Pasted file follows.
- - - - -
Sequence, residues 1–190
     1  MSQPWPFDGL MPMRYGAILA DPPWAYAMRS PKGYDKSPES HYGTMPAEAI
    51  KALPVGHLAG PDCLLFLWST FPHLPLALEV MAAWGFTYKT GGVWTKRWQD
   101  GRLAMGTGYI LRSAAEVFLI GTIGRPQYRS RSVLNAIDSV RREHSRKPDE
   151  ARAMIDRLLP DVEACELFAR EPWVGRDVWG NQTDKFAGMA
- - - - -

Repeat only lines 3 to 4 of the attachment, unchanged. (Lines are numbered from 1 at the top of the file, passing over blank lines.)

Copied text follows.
    51  KALPVGHLAG PDCLLFLWST FPHLPLALEV MAAWGFTYKT GGVWTKRWQD
   101  GRLAMGTGYI LRSAAEVFLI GTIGRPQYRS RSVLNAIDSV RREHSRKPDE